• How exactly did legislation force Moody’s, S&Ps and Fitch to rate junk paper as Triple AAA?
• What about piggy back loans? Were banks
required by Congress to lend the first mortgage and do a HELOC for the
down payment — at the same time?
• Internal bank memos showed employees how to cheat the system to get poor mortgages prospects approved that shouldn’t have been: Titled How to Get an “Iffy” loan approved at JPM Chase. (Was circulating that memo also a FNM/FRE/CRA requirement?)
• The four biggest problem areas for housing (by price decreases) are: Phoenix, Arizona; Las Vegas, Nevada; Miami, Florida, and San Diego, California. Explain exactly how these affluent, non-minority regions were impacted by the Community Reinvesment Act ?
• Did the GSEs require banks to not check credit scores? Assets? Income?
• What was it about the CRA or GSEs that mandated fund
managers load up on an investment product that was hard to value,
thinly traded, and poorly understood
• What was it in the Act that forced banks to
make “interest only” loans? Were “Neg Am loans” also part of the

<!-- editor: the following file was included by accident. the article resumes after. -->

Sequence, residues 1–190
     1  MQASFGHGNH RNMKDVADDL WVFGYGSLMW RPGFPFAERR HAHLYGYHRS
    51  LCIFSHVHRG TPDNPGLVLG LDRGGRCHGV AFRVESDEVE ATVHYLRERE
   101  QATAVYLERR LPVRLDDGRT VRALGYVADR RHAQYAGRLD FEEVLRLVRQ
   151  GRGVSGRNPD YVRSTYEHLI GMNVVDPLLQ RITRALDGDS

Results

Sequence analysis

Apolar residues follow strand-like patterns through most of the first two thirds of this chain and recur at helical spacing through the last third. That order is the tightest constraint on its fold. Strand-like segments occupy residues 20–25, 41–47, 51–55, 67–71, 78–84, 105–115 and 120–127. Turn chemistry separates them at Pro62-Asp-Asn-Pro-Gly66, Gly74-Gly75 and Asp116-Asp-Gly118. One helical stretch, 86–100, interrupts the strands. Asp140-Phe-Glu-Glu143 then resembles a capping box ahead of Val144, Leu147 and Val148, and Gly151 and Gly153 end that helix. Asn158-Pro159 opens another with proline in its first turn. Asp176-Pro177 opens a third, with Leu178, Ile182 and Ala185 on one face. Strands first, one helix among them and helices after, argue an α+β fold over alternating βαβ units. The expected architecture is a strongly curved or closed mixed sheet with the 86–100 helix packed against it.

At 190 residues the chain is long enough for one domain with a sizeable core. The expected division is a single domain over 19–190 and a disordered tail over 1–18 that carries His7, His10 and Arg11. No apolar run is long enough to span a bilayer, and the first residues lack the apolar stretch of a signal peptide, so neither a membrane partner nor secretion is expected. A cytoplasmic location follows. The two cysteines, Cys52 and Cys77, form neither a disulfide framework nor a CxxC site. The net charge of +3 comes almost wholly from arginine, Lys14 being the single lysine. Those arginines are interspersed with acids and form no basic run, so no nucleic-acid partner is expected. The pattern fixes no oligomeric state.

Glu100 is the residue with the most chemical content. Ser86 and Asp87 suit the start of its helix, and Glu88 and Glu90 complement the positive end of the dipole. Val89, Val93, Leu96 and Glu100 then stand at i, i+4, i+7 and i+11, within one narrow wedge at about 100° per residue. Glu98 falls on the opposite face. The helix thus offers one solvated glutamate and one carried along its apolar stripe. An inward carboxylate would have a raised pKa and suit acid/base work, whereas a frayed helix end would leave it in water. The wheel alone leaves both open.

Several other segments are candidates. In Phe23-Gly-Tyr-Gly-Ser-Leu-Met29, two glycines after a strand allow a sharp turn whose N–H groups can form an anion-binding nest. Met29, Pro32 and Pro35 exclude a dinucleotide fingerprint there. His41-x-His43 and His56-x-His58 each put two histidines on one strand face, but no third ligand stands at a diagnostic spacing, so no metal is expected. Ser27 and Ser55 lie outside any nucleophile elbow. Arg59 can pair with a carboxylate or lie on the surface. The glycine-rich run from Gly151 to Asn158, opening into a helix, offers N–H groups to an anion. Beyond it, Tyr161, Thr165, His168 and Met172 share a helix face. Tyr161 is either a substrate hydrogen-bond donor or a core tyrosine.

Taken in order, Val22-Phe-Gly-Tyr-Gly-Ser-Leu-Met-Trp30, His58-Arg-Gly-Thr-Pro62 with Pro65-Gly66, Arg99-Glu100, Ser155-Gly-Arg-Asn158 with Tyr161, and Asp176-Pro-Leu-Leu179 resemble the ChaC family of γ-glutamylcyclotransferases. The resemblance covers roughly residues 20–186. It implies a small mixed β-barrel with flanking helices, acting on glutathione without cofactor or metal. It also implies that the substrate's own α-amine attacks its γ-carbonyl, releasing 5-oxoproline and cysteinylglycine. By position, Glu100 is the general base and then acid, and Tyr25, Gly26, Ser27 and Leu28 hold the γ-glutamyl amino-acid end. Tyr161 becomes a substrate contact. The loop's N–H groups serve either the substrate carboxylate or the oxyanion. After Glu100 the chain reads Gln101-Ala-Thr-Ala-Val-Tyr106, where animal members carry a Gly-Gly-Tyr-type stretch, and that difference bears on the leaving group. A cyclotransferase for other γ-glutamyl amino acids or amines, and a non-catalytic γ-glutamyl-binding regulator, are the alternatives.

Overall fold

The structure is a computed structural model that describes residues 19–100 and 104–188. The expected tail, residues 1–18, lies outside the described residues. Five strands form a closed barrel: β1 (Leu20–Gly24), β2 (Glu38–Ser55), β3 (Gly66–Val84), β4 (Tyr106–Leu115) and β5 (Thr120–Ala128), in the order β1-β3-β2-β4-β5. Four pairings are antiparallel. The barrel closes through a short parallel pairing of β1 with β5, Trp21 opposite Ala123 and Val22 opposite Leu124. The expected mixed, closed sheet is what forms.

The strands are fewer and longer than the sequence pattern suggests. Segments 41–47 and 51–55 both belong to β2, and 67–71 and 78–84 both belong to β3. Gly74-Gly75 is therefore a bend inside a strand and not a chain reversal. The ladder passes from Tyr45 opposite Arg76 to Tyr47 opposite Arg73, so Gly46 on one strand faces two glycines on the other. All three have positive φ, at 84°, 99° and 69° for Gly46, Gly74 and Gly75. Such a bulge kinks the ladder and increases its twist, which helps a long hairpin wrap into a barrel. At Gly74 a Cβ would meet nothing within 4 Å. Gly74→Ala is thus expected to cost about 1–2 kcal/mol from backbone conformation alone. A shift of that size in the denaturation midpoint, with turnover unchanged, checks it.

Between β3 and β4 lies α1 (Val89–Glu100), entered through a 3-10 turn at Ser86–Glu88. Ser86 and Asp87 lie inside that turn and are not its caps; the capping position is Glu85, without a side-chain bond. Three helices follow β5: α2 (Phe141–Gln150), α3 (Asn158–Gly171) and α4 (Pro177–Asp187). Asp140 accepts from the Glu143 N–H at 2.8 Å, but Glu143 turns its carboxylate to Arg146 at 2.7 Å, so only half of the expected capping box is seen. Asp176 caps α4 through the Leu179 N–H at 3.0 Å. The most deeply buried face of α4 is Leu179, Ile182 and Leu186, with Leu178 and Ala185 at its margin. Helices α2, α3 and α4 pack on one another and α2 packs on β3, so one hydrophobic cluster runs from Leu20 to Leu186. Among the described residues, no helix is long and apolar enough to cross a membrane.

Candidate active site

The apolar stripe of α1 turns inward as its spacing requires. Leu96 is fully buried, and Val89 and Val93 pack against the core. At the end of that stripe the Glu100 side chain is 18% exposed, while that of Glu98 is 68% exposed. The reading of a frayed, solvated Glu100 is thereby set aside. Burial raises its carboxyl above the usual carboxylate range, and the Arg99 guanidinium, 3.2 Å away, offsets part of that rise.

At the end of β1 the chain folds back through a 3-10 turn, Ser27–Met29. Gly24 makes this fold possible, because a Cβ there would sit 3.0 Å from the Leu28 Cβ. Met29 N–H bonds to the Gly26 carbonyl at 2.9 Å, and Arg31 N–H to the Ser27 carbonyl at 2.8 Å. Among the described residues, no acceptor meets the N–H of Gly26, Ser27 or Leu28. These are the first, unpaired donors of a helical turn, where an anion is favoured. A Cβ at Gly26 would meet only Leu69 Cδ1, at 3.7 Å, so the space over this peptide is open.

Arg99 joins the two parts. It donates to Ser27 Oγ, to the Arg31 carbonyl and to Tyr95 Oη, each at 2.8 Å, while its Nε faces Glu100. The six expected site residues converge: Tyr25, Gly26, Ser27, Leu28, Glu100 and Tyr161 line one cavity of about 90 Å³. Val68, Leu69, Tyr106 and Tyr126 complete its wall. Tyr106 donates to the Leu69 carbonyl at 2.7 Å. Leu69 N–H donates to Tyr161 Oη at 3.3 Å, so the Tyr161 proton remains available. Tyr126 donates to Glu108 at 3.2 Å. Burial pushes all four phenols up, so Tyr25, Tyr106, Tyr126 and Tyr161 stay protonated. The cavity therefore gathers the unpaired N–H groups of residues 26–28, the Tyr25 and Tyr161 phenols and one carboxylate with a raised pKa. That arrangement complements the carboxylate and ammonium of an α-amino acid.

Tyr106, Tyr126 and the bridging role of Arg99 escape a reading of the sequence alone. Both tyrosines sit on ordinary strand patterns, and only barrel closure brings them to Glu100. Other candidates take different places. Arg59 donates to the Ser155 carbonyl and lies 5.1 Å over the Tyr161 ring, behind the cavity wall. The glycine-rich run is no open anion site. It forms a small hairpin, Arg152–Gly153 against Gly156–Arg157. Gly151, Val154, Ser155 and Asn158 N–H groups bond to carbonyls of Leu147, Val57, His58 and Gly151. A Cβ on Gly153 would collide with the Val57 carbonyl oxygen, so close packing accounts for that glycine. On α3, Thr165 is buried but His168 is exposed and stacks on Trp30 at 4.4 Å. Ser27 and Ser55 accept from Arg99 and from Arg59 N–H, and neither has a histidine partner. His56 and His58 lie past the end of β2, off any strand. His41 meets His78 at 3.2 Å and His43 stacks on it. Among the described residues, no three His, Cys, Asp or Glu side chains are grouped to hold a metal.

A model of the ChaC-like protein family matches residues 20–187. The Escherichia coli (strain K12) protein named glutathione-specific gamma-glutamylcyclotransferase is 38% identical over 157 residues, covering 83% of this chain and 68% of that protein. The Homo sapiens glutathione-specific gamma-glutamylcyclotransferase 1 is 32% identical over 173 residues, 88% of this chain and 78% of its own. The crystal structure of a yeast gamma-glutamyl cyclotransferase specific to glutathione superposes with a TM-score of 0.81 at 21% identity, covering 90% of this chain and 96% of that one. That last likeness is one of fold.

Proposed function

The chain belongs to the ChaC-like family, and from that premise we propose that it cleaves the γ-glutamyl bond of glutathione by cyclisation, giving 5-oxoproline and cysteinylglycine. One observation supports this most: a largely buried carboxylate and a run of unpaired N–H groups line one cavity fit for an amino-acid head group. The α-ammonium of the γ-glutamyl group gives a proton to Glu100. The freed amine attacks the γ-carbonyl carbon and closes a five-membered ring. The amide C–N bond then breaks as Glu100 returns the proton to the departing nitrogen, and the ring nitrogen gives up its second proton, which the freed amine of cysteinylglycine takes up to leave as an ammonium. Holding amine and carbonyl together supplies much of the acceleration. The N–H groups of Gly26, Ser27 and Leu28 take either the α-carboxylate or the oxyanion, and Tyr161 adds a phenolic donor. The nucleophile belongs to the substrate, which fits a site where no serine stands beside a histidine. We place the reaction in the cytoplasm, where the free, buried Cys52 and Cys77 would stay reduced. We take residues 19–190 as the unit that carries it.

legislative requirements also?
• Consider this February 2003 speech by
Countrywide CEO Angelo Mozlilo at the American Bankers National Real
Estate Conference. He advocated zero down payment mortgages — was that a CRA requirement too, or just a grab for more market share, and bad banking?
The answer to all of the above questions is no, none, and nothing at all.
The CRA is not remotely one of the proximate causes of the current credit crunch, Housing collapse,and mortgage debacle. As I detailed in Barron’s, there is plenty of things to be angry at D.C. about — but this ain’t one of them.
If you were to ask me to reveal the prime causative factor for the Housing
boom, I would point you to Fed Chairman Greenspan taking rates to 1%, and
then leaving them there for a year. The prime factor in the bust was
nonfeasance on the Fed’s part in supervising bank lending, allowing banks to give
money to people who couldn’t possibly pay it back.